Cecilia Paul talks about her research surrounding an unusual congenital disorder.
When I decided to write my novel, I chose to base it on a medical condition that I was not just familiar with but that I also had a lot of experience and knowledge on it. It made sense and also gave me the confidence to write with conviction because I could draw inspiration from factual events and experiences and, it also helped because I was passionate about the subject.
It is important to be clear on your intention/s for writing such a novel because this will help you to decide whether you write it as a fiction or a medical textbook. If your intention is to inform the affected person/s and the public, then writing it as a fiction will enable easier accessibility because they can access it via the media, internet or any other public arena.
Furthermore, modern technology has now afforded the public to become more knowledgeable on various medical conditions, which is advantageous but, you also need to be mindful of the downside of this because sometimes ‘a little knowledge can be dangerous’ without fully understanding something. Therefore, if your novel is a factual fiction, it needs to be believable but, more importantly, it needs to be authentic so using your first-hand knowledge and expertise in the medical condition you are writing about, will certainly help you to achieve this. Nevertheless, it is still important to do research to ensure that your information is also current and up-to-date.
Additionally, if your novel is inspired by factual events relating to a serious medical condition, you need to be very aware of the ethical and moral issues and, also know and adhere to the data protection and confidentiality rules – never use or reveal your character/s’ true identity or identities. Therefore, it is important to use pseudonyms so that even when the reader can identify with your protagonist and characters’ experiences, you have still protected their true identity/identities.
You also need to identify the main themes you wish the public to know so that they get what you are telling them. You can use your protagonist, like I did, to demonstrate and portray all the elements of your story using your experiences and inspiration from factual events so that it will feel real. You might wish to let the person with the condition know that her/his suffering is not uncommon and, inform that person about the available and appropriate treatment and support to further help and encourage them. Furthermore, you also want to engage the public so when they learn more about your serious condition, they may become more interested in your story and will want to know more about it. It might also encourage them to be more tolerant and empathetic towards the person/s when they can better understand the seriousness and affects of the condition.
The book title was crucial to me personally. Once I decided on it, my writing flowed. It really helps if your title relates to the serious condition or any common traits of the condition because it is, in itself already telling you a story. Mine was Elizabeth Just 16 because the condition I was writing about is commonly diagnosed in girls at the age of sixteen. You might need to research your title too, in case there are already several of the same used but, still if you use a bit of imagination and tweak it a little, you can make it your own.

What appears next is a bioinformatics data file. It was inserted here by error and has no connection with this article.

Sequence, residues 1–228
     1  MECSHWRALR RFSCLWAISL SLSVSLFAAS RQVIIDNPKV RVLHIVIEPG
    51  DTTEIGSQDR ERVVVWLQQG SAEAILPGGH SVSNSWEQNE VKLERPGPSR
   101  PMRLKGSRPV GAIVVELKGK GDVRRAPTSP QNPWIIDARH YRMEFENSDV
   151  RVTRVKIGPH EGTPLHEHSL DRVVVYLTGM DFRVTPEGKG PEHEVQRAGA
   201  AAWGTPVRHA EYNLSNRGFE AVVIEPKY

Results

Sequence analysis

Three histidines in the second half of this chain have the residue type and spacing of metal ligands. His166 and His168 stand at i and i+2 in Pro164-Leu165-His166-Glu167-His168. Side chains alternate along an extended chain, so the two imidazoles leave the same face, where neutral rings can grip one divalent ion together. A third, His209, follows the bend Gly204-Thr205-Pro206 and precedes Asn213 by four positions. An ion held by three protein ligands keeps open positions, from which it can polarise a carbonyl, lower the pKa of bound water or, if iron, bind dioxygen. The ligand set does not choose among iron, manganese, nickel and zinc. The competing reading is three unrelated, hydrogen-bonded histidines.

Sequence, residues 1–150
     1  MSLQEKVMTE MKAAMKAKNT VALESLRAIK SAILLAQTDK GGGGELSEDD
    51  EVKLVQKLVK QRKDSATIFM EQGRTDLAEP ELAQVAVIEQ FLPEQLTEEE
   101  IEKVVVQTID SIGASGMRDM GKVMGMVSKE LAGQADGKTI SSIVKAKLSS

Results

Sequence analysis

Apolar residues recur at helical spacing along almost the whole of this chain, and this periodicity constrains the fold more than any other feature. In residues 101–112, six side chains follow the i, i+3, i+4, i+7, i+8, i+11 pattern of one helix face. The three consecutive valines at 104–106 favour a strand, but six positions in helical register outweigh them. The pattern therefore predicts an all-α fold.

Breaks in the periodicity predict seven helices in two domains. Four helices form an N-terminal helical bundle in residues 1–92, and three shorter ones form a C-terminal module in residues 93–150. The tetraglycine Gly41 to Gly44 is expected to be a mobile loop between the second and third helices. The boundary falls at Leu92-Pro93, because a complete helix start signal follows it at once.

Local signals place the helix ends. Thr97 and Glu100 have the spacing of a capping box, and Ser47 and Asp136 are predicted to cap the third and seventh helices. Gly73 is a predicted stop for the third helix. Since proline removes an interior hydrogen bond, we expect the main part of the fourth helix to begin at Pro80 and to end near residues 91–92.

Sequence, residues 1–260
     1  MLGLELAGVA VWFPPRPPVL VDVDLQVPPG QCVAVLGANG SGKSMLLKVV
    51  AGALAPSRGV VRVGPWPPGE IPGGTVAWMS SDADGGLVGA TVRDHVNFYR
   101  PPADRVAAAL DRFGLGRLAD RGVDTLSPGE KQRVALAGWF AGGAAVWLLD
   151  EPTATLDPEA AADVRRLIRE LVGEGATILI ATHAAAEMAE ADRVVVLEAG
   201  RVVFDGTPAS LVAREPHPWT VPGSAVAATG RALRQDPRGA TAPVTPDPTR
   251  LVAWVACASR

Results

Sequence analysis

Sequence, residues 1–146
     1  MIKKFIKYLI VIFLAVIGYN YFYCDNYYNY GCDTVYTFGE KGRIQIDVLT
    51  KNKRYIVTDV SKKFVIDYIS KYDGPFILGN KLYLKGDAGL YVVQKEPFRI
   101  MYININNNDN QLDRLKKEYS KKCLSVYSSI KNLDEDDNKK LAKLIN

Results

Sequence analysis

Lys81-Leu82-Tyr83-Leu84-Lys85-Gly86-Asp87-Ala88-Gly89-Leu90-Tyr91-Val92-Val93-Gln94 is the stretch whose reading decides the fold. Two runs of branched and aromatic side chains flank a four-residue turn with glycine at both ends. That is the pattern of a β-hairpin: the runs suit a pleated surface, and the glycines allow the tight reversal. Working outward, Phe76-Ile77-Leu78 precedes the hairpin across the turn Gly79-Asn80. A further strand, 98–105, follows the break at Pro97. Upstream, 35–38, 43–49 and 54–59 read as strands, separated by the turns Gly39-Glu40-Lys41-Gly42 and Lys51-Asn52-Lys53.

Nowadays, the media is very informative and explicit about various medical conditions so the public is quite used to hearing medical terminologies. Still be mindful not to use too many so it helps to remind yourself that you are writing a fiction and talking to the public and, not to your medical peers otherwise it will sound like some medical jargon and, you might lose some of your readers. Obviously, when you are writing about a serious condition, it is inevitable for the use of some appropriate medical terms but, it will help the public understand better if you have a translation equivalent in layman’s terms too.
Finally, when or before you have completed your novel, you need to research a publisher, who is really interested in your book and, who would then disseminate and give your novel the publicity it needs to get the appropriate readership.
Elizabeth Appleton is a sweet and easy-going adolescent. But as she turns sixteen, she discovers something so devastating about herself that her whole world is turned upside down. Elizabeth has been born without a womb or a vagina and is diagnosed with MRKH, an unusual congenital disorder that affects the female reproductive tract. Frightened and confused, Elizabeth must struggle to understand how she can still be a girl but no longer a ‘normal’ one. As she questions everyone and everything around her – her burgeoning sexuality, her gender, her hopes for the future – Elizabeth must fight against the shame and betrayal she feels if she is to ever become the woman she has always hoped to be.
Cecilia Paul is based in London and has worked for the NHS, in the field of gynaecology for over twenty years. She is now retired and has been inspired to write her first novel dealing with this little-known syndrome hoping to bring awareness and understanding into the public sphere.